US 6012262 A
An I-beam for use in construction, built-up from a web held between a pair of laminated flanges. Each flange includes a first laminate made of oriented strand lumber and a second laminate laminated to the first laminate. The web is between the first laminates.
1. A composite I-beam having a pair of parallel flanges and a web extending therebetween, in which each of the flanges includes an inner laminate of oriented strand lumber and an outer laminate of engineered lumber, with the web extending more than halfway through each of the inner laminates and being fastened thereto.
2. The composite I-beam of claim 1 in which each of the flanges is formed of only two laminates, and the inner and outer laminates of each flange are bonded to each other.
3. The composite I-beam of claim 1 in which the outer laminates are formed of oriented strand lumber.
4. The composite I-beam of claim 1 in which the inner laminates are formed of oriented strand lumber and the outer laminates are formed of a higher grade of oriented strand lumber than the inner laminates.
5. A composite I-beam formed substantially of wood fiber-based materials having two parallel flanges and a web extending therebetween, each of the flanges being formed of an inner and an outer oriented strand lumber laminate adhered together, wherein the web is routed into and mounted to the inner laminates.
6. An I-beam comprising:
a first pair of flanges, each flange being made of oriented strand lumber and fixed to the web so that the web is between the first pair of flanges and holds each flange of the first pair at a substantial distance from the other flange of the first pair; and
a second pair of flanges, with one flange of the second pair being laminated to one flange of the first pair, and the other flange of the second pair being laminated to the other flange of the first pair.
7. The I-beam according to claim 6, wherein each flange of the first pair includes a rout into which a portion of the web is inserted.
8. The I-beam according to claim 7, wherein the first pair of flanges is located between the second pair of flanges.
9. The I-beam according to claim 7, wherein the rout is tapered.
10. The I-beam according to claim 6, wherein the first pair of flanges is made of oriented strand lumber with a strand orientation of no more than about 20-degrees from the longitudinal axis of the I-beam.
11. The I-beam according to claim 6, wherein the first pair of flanges is made of oriented strand lumber with a strand orientation of no more than about 10-degrees from the longitudinal axis of the I-beam.
12. The I-beam according to claim 6, wherein the second pair of flanges is made of oriented strand lumber.
13. The I-beam according to claim 12, wherein the second pair of flanges is made of oriented strand lumber with a strand orientation of no more than about 20-degrees from the longitudinal axis of the I-beam.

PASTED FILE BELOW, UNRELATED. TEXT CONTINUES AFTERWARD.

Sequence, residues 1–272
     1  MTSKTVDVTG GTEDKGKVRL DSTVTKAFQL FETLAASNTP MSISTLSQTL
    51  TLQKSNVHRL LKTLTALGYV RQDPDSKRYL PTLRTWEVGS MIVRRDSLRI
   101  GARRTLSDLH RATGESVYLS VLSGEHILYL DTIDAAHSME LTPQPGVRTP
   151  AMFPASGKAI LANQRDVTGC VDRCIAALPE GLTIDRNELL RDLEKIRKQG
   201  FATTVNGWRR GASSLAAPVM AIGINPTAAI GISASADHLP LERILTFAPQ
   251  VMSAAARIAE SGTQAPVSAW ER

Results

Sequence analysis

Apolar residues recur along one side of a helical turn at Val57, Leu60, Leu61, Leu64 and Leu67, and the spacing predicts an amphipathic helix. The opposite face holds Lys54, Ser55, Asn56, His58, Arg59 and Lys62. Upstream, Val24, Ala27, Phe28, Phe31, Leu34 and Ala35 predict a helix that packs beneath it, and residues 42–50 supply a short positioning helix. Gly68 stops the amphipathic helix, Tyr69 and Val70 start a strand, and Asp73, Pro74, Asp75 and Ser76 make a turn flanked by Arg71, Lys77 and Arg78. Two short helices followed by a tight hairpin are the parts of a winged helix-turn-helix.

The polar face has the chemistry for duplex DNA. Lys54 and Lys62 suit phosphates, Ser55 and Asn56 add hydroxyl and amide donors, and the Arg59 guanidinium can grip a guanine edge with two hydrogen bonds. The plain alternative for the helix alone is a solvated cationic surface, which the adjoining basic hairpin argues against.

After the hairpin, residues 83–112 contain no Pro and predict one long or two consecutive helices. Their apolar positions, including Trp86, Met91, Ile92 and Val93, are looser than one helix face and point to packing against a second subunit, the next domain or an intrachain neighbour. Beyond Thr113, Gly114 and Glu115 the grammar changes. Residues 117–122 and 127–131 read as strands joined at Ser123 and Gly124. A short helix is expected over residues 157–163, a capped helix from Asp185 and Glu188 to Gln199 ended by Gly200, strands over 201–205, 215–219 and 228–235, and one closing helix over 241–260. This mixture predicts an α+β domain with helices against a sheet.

14. The I-beam according to claim 12, wherein the second pair of flanges is made of oriented strand lumber with a strand orientation of no more than about 10-degrees from the longitudinal axis of the I-beam.
15. The I-beam according to claim 6, wherein the second pair of flanges is made of laminated strand lumber.
16. The I-beam according to claim 6, wherein the second pair of flanges is made of laminated veneer lumber.
17. The I-beam according to claim 6, wherein the first pair of flanges is fixed to the web by an adhesive selected from the group consisting of isocyanate and phenol resorcinol.
18. The I-beam according to claim 6, wherein the second pair of flanges is laminated to the first pair of flanges by an adhesive selected from the group consisting of phenol resorcinol, isocyanate, polyamide and ethylene-vinyl acetate copolymer.
19. An I-beam having a defined moment of inertia, the I-beam comprising:
an inner flange means for increasing the moment of inertia of the I-beam, the inner flange means being made of oriented strand lumber and fixed to the web so that the web is held between the inner flange means; and
an outer flange means for increasing the moment of inertia of the I-beam, the outer flange means being laminated to the inner flange means.
Referring to the drawings, the preferred embodiment of a beam according to the present invention is indicated at 10. A longitudinal axis of beam 10 is indicated at 10a in FIG. 2. Beam 10 includes a web 12 interconnecting a pair of parallel flanges 22. The specifics of web 12 and flanges 22 are described below.
Turning first to web 12, it has a thickness indicated at 14 (see FIG. 3) that is preferably tapered at the top and bottom of web 12, as indicated at 16, and a height indicated at 18. The preferred angle of taper 16 is about 3-degrees to 6-degrees as indicated in FIG. 3 by 16a. Web 12 is preferably made of OSL, with any convenient orientation of the strands. Web 12 alternatively could be made of plywood. In either case, panel joints 20 may be necessary to create a panel of sufficient length to form web 12. Panel joints 20 may be finger joints, butt joints or serrated joints, as desired. The strength of beam 10 does not appear to depend on the type or placement of panel joints 20.